Subsidies are guilt offerings, and claiming ownership of citizens.

    Don’t get me going on the collective and profound idiocy the left has with their understanding of energy and the consumption there of has on their mostly wastrel lifestyles. I have been intimately familiar with solar energy for the balance of my career (never worked on a nuclear power spacecraft, so call it 40 years) so to listen to intellectual morons expound how we can remold our society thru wind and solar power is a conceit I really cannot fathom.

    It is a real sham that they call themselves progressives while reaching back to near ancient substitutes for “human power”.

    All economies, but especially modern economies, depend on cheap and abundant energy. The idea of intentionally making our energy more expensive, or trying to force people to use less of it is just brain dead leftism, sorry, I repeat myself.

    Great post.

    • #21
    • March 19, 2018, at 11:27 AM PDT
    • 10 likes
  22. GLDIII Temporarily Essential Thatcher
    GLDIII Temporarily Essential Joined in the first year of Ricochet Ricochet Charter Member

    Whistle Pig (View Comment):

    GLDIII (View Comment):

    Ralphie (View Comment):
    From the media buzz, it seems that medical care/insurance is the biggest need of Americans, but I think it is having a stable, healthy, energy system. If people had to choose between health insurance and electricity, would they understand then, how great energy on demand is? Doctors and nurses cannot do much without it, neither can actors and actresses.

    The right to energy is more important than the right to health insurance, IMO. But neither should be rights, just free will choices. If you spend more than needed on either of those two segments, that dollar doesn’t get spent at the box office, or grocery store, etc.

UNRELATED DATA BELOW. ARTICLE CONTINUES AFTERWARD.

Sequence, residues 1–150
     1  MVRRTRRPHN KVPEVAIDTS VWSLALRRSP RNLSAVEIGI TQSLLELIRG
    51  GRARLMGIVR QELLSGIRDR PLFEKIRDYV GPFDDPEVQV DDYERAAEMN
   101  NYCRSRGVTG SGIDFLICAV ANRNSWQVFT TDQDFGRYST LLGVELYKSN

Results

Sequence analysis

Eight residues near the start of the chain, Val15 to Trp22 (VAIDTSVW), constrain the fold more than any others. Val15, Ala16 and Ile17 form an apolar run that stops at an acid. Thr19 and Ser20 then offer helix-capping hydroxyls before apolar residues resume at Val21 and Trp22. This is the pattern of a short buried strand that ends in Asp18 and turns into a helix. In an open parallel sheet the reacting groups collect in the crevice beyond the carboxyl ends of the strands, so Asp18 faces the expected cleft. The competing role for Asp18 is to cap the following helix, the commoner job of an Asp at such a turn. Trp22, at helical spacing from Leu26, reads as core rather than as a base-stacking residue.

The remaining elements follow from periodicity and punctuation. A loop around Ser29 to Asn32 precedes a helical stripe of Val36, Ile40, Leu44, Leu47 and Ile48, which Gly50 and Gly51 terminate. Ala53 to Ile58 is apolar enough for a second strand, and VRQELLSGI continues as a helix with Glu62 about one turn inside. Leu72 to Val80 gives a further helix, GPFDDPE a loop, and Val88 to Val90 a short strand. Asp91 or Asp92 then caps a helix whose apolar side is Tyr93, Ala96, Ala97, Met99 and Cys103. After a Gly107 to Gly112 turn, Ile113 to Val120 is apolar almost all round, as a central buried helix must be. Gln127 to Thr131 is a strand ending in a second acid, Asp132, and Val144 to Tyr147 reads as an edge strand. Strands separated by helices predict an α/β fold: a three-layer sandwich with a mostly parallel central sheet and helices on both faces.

The working class pays a higher percentage of their income for needs: food, shelter, energy. The upper and rich are not as restricted in the excess amount of money they have available for other things.

    Subsidies are guilt offerings, and claiming ownership of citizens.

    Don’t get me going on the collective and profound idiocy the left has with their understanding of energy and the consumption there of has on their mostly wastrel lifestyles. I have been intimately familiar with solar energy for the balance of my career (never worked on a nuclear power spacecraft, so call it 40 years) so to listen to intellectual morons expound how we can remold our society thru wind and solar power is a conceit I really cannot fathom.

    It is a real sham that they call themselves progressives while reaching back to near ancient substitutes for “human power”.

    All economies, but especially modern economies, depend on cheap and abundant energy. The idea of intentionally making our energy more expensive, or trying to force people to use less of it is just brain dead leftism, sorry, I repeat myself.

    Great post.

    When you are of the left and not so secretly despise the Proles, upon who’s labors you are incognizant of, and who sustain your pinnacle existence, they relish the twofer of both pricing them out of existence, while morally preening on having saved the environment from their rapacious energy using joys. (NASCAR, Hunting, RV camping, Fish trolling, ATV’s in the wilderness, etc, etc, etc)

    • #22
    • March 19, 2018, at 11:52 AM PDT